Aid, Export Promotion and the Real Exchange Rate: An African Dilemma?
Africa, while a major aid recipient, has had disappointing export performance. This paper argues for a causal link: aid, by being partially spent on non-traded goods, leads to real appreciation and reduced export competitiveness. I demonstrate the importance of this effect by presenting econometric evidence on the positive relation between aid flows and real exchange rate appreciation and increases in the real wage in the traded-goods sector. Policy implications are discussed.
If you experience problems downloading a file, check if you have the proper application to view it first. In case of further problems read the IDEAS help page. Note that these files are not on the IDEAS site. Please be patient as the files may be large.
As the access to this document is restricted, you may want to look for a different version under "Related research" (further below) or search for a different version of it.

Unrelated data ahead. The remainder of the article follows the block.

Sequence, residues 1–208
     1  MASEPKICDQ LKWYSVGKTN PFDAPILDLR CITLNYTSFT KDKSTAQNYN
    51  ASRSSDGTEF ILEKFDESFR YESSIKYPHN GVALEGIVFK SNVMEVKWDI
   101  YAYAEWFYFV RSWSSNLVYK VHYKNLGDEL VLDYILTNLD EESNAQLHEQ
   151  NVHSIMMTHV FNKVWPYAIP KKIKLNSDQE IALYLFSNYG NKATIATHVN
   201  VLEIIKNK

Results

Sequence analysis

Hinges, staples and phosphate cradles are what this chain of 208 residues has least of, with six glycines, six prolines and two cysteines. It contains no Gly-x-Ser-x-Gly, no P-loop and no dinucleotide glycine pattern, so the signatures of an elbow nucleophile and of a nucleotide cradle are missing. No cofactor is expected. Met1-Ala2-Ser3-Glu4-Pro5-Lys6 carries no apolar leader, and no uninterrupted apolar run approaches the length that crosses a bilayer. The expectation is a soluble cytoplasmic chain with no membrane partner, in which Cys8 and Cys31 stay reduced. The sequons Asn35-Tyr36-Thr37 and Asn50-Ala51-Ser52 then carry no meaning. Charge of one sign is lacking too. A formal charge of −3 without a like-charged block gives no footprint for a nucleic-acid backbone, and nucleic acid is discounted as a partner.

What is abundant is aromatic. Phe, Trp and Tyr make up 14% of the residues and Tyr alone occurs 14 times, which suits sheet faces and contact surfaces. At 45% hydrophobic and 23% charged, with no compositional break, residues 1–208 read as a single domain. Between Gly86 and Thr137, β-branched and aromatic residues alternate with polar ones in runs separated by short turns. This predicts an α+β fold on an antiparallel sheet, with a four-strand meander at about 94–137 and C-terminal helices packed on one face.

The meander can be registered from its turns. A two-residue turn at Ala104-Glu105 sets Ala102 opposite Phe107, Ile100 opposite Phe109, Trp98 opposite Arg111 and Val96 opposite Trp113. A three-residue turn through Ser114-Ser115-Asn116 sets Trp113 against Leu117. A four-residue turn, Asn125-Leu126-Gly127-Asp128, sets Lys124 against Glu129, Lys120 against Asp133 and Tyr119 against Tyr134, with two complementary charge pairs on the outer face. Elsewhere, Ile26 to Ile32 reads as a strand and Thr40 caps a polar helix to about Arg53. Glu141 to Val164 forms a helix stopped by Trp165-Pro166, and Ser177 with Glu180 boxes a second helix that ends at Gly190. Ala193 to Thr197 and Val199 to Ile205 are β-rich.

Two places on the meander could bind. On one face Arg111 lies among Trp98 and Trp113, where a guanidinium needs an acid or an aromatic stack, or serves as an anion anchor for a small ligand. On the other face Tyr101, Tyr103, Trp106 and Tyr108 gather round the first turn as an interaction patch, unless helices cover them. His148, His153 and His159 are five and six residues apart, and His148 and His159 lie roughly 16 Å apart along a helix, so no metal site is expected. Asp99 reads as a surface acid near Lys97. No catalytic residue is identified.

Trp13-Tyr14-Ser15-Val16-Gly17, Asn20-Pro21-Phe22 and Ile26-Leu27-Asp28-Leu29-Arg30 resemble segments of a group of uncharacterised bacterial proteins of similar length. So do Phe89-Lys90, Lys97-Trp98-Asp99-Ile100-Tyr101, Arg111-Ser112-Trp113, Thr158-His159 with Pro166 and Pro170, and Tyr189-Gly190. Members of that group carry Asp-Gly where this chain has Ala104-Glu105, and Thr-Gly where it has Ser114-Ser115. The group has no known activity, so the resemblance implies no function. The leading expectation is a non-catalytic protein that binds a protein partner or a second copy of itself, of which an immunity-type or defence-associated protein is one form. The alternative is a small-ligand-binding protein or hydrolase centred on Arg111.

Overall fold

|Date of creation:||Dec 1985|
|Date of revision:|
|Contact details of provider:|| Postal: |
Phone: 44 - 20 - 7183 8801
Fax: 44 - 20 - 7183 8820
|Order Information:|| Email: |
When requesting a correction, please mention this item's handle: RePEc:cpr:ceprdp:88. See general information about how to correct material in RePEc.
For technical questions regarding this item, or to correct its authors, title, abstract, bibliographic or download information, contact: ()
If references are entirely missing, you can add them using this form.